In the Silmarillion, the Elves are what men are now. But by the time of Lord of the Rings, the Elves that are left on Middle Earth are…not men. They are quasi-angels, beings of pure goodness. By their very presence they scatter wraiths, and their very bread and cloth burn the impure. This “flatness” also applies to teh orcs: they are evil, in its pure form. There isn’t any ‘human complexity’ to them, because they are the physical manifestation of the inner realm of men. As the men are batted between orcs and elves, between the dark lord and Westernesse…it is really, in a long epic form, the story of man within himself. This isn’t thriller escapism about random battles that never happened. This is about battles that have occured. It is about the struggles of everyman, in the invisible realm of the soul.

Almost all other fantasy miss this point. They just see the magic and dwarves and spells as so much make-up to jazz up story like any other. Suddenly…in other fantasies, orcs function merely as another humanoid species, and dragons are no different than horses. It is merely a technological change. It is no longer that “flat” world of the fairytale, where everything speaks of the inner man.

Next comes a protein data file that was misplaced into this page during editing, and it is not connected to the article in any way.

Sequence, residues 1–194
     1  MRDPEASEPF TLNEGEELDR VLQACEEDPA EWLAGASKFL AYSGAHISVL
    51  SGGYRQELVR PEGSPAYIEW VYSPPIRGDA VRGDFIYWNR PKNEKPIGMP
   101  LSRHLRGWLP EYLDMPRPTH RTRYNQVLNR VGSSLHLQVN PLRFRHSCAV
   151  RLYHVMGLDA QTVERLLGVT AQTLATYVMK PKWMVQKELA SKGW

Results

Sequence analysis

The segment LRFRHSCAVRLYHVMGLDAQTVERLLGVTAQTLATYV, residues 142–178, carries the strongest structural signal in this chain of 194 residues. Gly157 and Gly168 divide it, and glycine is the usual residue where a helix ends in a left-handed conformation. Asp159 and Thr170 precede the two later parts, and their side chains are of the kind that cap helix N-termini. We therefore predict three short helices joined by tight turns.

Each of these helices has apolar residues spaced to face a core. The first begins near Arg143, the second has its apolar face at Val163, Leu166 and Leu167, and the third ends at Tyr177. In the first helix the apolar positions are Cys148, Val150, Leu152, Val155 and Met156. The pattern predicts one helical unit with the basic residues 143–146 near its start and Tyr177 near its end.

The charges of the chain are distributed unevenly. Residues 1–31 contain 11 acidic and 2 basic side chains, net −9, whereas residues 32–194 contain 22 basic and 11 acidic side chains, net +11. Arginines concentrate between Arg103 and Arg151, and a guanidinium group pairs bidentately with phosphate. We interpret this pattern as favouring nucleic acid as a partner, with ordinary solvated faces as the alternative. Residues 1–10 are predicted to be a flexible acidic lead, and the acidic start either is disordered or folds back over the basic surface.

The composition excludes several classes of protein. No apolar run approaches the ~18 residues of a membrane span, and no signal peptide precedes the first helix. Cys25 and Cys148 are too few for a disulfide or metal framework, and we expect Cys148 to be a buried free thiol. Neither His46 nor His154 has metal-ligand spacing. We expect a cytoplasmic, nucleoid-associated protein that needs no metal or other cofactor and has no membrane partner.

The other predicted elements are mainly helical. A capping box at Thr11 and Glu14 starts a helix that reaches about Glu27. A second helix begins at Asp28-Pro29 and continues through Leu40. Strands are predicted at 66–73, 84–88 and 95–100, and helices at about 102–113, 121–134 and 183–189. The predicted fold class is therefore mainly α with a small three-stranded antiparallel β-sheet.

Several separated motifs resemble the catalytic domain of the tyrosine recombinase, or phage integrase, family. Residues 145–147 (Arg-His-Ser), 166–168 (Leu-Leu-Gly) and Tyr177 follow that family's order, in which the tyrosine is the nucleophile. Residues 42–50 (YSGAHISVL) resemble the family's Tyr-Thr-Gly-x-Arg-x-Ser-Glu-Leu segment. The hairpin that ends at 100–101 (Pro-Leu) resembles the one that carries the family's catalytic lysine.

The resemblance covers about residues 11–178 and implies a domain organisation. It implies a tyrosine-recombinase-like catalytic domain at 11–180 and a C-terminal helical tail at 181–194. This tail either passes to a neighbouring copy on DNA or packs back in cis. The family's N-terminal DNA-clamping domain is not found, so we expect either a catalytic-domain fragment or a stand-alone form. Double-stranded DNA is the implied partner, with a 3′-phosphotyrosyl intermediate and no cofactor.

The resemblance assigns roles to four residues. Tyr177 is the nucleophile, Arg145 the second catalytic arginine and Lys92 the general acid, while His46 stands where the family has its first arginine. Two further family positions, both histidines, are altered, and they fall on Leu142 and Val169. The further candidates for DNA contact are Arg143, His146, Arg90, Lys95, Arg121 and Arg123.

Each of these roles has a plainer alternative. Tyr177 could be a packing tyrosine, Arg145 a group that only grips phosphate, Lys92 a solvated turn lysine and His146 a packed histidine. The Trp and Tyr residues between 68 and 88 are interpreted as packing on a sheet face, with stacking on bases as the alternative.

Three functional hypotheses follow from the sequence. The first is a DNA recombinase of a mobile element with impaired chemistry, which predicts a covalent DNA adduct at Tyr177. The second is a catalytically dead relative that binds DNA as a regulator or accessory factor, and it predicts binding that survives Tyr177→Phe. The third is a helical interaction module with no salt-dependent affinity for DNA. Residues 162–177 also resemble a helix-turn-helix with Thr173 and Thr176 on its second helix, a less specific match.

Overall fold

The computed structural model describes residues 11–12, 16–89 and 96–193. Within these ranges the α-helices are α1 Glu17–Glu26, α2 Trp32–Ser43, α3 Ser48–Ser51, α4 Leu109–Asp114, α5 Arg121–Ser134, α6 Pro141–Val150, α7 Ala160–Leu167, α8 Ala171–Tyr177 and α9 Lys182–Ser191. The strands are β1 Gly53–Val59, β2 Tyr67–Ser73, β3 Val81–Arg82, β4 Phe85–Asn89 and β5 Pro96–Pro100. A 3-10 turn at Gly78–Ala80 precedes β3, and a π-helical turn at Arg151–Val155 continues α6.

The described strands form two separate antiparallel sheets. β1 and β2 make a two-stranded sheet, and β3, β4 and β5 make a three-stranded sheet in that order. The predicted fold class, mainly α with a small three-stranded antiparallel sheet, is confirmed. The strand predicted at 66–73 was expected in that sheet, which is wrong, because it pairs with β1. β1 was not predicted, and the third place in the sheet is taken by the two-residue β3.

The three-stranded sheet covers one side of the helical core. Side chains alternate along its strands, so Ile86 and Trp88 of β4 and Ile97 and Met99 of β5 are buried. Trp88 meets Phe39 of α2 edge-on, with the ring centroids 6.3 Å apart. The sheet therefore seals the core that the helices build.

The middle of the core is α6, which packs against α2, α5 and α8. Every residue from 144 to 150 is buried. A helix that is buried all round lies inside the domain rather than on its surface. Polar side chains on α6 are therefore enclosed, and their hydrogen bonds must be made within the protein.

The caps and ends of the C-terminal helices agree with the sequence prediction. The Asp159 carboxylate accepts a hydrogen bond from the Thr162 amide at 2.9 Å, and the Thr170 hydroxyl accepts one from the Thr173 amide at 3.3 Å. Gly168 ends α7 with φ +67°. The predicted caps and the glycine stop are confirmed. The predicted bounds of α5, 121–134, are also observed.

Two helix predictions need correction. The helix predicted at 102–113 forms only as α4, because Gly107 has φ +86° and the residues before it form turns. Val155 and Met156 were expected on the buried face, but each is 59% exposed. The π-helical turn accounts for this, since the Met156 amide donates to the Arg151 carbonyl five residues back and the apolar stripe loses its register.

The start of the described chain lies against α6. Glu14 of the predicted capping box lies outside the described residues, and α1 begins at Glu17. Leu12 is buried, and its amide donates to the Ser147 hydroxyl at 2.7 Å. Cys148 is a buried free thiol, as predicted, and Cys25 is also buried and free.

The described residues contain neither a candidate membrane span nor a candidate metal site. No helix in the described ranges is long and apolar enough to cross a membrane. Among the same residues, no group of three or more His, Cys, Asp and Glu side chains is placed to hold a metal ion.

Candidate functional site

Tolkien’s Ring is moral corruption, is the temptation of evil itself. When it calls him, we don’t need a subplot about Frodo struggling with pride or selfishness or powerlust–because, that is the point of the Ring. It is those things already. When other fantasy writers try to make another Tolkien, they throw in endless minutiae, detail, vivid other worlds….but they are not as deep as Tolkien, because they do not resonate with reality, with our own inner world, with our own struggles. Tolkien resonates with reality. That is what makes Lord of the Rings an entirely different animal from all the other fantasy I’ve attempted to read…which are really just variations on other fiction, either without implicit morality or all, or with tacky explicit morality, making it merely allegory, not true fantasy.

OK. I thought only Tolkien could pull it off. I certainly never can. But then…I ran into this video game, or I should say, I spent 30+ hours watching my brothers play it. Yeah, I know, I don’t normally think much of videogames, they seemed to scream “TAWDRY ESCAPISM” in huge letters. But this one was different.

It’s Starcraft 1 (1996), Starcraft 1: Brood Wars (1998), culminating in Starcraft 2: Wings of Liberty (2010).

Oh, it isn’t perfect and it has its flaws…but it resonated. It had the same cosmological accuracy, the same resonance about the nature of the universe, of reality itself, of the struggle of the inner man, but made manifest in physical terms. I was, to be honest, stunned and blown away. I never thought this could be pulled off again.